SMITH: Right.

GORE: And the first concerns among defenders of democracy arose with radio. And that's why the equal time provision and the fairness doctrine and the public interest standard were put in place here. Those protections were almost completely removed during President Reagan's term.

SMITH: You talk about this disengaged electorate. And one of the things that occurred to me is maybe people don't feel they have a stake. Maybe they don't participate. Maybe they don't listen or search out information they, they, they should because they don't feel they have a stake because, quite honestly if you go a block over onto K Street, that's really who runs the people over there [pointing to the Capitol]. If you're a lobbyist, you have a say. If you're not a lobbyist, how do you have a say in that though?

GORE: Yeah, and I think that's right. I think that's related to the fact that the American people don't feel as if they have a way to make their voices heard, to make their votes count. And for all the work on campaign finance reform -- and I've always supported it --

SMITH: Yeah.

GORE: I do think that it sometimes misses the, the elephant in the middle of the room, which is, that as long as politicians in both parties have to rely on huge sums of money to buy 30-second television commercials, which is the principal means of communication in our democracy between candidates and voters now --

SMITH: Right.

GORE: Then they're going to go to the people who reliably have that money year in and year out and the special interests dominate that group.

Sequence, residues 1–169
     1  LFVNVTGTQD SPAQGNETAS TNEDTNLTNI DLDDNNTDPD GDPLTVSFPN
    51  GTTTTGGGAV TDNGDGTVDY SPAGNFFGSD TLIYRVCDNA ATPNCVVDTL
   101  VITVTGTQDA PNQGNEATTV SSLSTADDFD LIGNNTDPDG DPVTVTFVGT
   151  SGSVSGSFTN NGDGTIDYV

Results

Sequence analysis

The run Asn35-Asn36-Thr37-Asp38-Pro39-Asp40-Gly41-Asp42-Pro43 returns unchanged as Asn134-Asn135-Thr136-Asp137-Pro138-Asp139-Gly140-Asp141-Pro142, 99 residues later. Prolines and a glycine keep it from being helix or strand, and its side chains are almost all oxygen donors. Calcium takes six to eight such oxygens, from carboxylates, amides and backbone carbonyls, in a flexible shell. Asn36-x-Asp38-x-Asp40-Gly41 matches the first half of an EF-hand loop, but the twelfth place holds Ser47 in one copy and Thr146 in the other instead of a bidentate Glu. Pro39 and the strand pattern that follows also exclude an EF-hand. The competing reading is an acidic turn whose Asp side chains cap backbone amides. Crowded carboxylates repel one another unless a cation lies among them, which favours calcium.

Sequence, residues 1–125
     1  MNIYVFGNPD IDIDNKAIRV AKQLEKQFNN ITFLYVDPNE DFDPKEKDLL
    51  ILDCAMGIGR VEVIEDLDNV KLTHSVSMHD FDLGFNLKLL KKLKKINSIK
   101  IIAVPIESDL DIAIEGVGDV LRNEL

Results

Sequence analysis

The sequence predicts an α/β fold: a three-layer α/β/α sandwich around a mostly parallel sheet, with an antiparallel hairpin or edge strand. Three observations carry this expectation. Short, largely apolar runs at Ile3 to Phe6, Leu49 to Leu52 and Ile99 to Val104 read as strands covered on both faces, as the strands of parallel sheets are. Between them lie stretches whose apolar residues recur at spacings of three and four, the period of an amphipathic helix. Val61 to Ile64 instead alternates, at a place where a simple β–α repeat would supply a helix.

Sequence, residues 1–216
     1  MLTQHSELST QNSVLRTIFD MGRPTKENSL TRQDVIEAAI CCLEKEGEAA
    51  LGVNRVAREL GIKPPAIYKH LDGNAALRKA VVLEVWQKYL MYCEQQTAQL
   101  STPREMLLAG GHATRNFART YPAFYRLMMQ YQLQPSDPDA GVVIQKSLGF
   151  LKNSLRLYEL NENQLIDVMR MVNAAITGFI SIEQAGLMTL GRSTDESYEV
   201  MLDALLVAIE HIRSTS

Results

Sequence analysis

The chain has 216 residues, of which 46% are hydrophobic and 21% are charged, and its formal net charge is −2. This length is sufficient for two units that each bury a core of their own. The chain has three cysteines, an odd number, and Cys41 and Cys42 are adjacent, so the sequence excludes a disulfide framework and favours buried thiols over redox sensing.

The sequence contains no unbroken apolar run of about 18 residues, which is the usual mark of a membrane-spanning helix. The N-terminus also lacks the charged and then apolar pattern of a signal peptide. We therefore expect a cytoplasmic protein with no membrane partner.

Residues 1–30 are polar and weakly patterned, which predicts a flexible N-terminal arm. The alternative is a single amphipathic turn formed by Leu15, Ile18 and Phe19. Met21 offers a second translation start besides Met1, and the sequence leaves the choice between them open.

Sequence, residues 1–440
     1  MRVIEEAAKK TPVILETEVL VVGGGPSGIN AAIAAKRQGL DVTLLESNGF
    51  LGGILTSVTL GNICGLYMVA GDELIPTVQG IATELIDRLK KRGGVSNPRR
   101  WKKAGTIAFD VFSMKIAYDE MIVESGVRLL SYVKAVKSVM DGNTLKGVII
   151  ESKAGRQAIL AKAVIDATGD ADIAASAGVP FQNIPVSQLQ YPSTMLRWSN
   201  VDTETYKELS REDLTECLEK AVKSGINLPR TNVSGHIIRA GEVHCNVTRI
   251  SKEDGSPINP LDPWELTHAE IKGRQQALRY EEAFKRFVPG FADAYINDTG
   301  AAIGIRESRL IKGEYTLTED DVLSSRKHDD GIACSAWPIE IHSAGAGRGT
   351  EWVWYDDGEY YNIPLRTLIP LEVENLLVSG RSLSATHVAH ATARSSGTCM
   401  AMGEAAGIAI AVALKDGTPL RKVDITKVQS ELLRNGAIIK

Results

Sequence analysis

SMITH: And in the book, you advocate federal, federal funding for elections. Two quick subjects, very quickly: President Bush getting ready to go to Europe for the G-8. The folks in the European Union want to do emissions reductions. The president said yesterday we're not going to participate. Your reaction?

GORE: Well, I think that's an abdication of U.S. leadership in the world. We are the largest source of global warming pollution. We are the natural leader of the world. All of the other countries in the G-8 are unified in support of taking action to save the planet's environment for us as human beings.

SMITH: Right.

GORE: And, and President Bush is opposed to it and is blocking any progress. Look, Harry, we are putting 70 million tons of global warming pollution into the atmosphere today and every day. This is a moral issue. And the fact that our country is not providing leadership and, worse, is blocking progress, should be an issue that brings protesters out, that brings people to speak their minds, loudly and clearly and forcefully on this.

SMITH: Yeah. If you were president, you would have probably signed on.

GORE: Yeah, yeah.

SMITH: Do you mind if I [holding up "Gore 2008" pin]

GORE: [Laughing] No, no.

SMITH: -- you don't want to -- they were handing these out at the lecture last night at George Washington University. Are you sure you--

GORE: Thank you. Thank you for coming to that, by the way.

SMITH: There you go. You can hold it.

[laughter]

GORE: I don't want to invite that kind of speculation, but thank you.

SMITH: Here, let's see what it looks like. [holding up pin to Gore's suit]

GORE: Yeah, okay.

SMITH: All right, all right. Save that in a freeze frame.

GORE: Thank you for the interview.

SMITH: All right, thanks very much. Vice President Al Gore, we do appreciate it. You can read an excerpt from "The Assault on Reason" at our website at cbsnews.com.